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J Chin Med Assoc. 2004 Aug;67(8):394-7.

White blood cell and platelet counts could affect whole blood viscosity.

Author information

  • 1Division of Hematology, Department of Internal Medicine, Taipei Veterans General Hospital, Taipei, Taiwan, ROC. chho@vghtpe.gov.tw

Abstract

BACKGROUND:

Blood viscosity is correlated with cerebral blood flow and cardiac output, and increased viscosity may increase the risk of thrombosis or thromboembolic events. The relationship between hematocrit and viscosity is well-known, however, the relationships between white blood cell (WBC) or platelet count and viscosity were not fully studied. The aim of the present study was to determine the influences of platelet count and WBC count on blood viscosity.

METHODS:

One-hundred and 13 subjects with different hemoglobin, WBC and platelet count were enrolled into the study. The variables measured included serum fibrinogen, cholesterol, triglyceride, high-density lipoprotein (HDL), low-density lipoprotein (LDL), complete blood counts including hemoglobin, hematocrit, platelet count, red blood cell (RBC) count, WBC count, whole blood and plasma viscosity. The relationships of these variables with whole blood or plasma viscosity were analyzed.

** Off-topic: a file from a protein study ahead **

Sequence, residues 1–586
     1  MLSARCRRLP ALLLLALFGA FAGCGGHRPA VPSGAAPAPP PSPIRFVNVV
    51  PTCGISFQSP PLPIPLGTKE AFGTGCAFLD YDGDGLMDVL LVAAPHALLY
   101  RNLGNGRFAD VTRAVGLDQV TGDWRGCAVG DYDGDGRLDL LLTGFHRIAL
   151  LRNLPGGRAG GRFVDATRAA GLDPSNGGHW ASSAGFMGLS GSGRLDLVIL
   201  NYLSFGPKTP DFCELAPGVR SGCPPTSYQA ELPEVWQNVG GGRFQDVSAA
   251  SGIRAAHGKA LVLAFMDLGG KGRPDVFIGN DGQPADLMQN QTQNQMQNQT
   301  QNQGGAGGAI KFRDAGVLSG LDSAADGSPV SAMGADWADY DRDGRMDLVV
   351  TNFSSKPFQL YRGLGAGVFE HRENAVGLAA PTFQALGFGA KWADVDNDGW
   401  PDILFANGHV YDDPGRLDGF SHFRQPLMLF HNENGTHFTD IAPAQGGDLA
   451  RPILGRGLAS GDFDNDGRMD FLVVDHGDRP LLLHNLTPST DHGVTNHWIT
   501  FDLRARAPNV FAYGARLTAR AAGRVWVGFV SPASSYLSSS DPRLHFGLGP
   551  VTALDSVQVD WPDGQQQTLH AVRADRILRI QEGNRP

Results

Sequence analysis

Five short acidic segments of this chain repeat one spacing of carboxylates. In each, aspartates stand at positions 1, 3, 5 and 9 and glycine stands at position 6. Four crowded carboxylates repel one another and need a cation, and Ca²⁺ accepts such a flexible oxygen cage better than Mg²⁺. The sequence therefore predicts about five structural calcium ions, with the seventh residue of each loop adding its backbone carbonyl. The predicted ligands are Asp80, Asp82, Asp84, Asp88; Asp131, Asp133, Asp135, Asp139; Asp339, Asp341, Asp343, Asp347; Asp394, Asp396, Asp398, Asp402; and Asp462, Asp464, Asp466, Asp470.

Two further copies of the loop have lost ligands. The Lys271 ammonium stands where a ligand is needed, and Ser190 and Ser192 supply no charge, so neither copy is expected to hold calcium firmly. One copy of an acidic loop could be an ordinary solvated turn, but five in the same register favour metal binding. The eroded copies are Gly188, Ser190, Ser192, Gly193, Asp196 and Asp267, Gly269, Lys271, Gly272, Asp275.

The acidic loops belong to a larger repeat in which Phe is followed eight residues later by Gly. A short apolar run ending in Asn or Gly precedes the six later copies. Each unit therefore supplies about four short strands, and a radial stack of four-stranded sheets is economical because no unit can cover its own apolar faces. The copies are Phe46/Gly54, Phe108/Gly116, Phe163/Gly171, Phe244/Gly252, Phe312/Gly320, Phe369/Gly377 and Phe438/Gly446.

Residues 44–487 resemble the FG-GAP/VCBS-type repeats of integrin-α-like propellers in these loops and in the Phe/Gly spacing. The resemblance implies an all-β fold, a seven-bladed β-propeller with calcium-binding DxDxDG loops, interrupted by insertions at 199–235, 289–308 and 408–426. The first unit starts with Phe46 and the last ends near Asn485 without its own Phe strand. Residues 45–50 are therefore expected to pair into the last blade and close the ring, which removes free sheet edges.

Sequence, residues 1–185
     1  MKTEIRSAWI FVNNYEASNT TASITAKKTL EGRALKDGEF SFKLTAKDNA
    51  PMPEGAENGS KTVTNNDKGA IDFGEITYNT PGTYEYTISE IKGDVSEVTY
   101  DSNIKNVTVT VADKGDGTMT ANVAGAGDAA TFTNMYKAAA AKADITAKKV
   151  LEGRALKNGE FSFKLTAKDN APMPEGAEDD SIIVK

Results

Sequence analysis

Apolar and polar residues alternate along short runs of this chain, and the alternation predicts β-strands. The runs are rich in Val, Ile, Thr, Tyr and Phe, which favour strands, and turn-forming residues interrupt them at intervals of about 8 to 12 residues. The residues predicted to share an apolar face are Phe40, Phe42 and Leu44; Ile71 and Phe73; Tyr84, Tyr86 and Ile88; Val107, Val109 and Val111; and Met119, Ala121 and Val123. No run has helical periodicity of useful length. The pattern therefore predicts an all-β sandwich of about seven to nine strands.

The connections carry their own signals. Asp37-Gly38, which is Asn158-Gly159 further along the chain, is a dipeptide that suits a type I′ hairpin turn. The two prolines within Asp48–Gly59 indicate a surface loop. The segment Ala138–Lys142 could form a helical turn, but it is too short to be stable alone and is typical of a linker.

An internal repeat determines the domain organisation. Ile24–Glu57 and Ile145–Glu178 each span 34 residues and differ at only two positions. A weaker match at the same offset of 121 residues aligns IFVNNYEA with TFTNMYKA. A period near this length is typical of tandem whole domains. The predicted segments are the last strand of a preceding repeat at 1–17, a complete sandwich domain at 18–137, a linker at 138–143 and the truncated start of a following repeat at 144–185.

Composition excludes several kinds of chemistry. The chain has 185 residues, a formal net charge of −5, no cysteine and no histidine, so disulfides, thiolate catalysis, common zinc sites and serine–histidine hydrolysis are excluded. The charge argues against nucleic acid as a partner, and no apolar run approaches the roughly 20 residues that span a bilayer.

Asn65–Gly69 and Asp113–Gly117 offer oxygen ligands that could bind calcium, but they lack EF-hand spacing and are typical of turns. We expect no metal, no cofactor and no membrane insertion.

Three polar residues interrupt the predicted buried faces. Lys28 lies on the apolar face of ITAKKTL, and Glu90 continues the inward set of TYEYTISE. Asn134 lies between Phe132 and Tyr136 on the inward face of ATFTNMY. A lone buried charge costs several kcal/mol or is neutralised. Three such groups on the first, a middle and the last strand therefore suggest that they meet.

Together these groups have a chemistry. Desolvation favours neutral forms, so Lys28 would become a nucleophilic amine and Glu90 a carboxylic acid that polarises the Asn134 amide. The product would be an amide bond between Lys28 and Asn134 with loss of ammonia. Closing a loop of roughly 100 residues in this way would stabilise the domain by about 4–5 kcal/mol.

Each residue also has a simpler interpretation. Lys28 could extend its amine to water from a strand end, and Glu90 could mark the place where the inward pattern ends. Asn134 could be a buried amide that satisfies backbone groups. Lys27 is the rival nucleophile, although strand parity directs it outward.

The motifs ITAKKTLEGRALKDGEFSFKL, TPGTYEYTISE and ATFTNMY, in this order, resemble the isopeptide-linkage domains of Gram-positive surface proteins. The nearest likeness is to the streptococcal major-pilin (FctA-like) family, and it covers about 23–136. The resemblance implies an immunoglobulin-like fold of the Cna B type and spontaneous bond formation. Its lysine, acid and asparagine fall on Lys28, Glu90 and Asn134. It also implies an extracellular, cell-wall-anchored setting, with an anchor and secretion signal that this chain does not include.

RESULTS:

Serum fibrinogen, cholesterol, triglyceride, HDL and LDL did not correlate with whole blood viscosity. Not only hematocrit, hemoglobin and RBC, but also WBC and platelet count, could affect whole blood viscosity. On the other hand, none of the variables could affect plasma viscosity.

CONCLUSIONS:

All the blood cell components, but not the plasma proteins detected above, could affect whole blood viscosity. When patients are with high leukocytosis and thrombocytosis, impaired blood viscosity should also be considered to obtain appropriate clinical management.

PMID:
15553798
[PubMed - indexed for MEDLINE]
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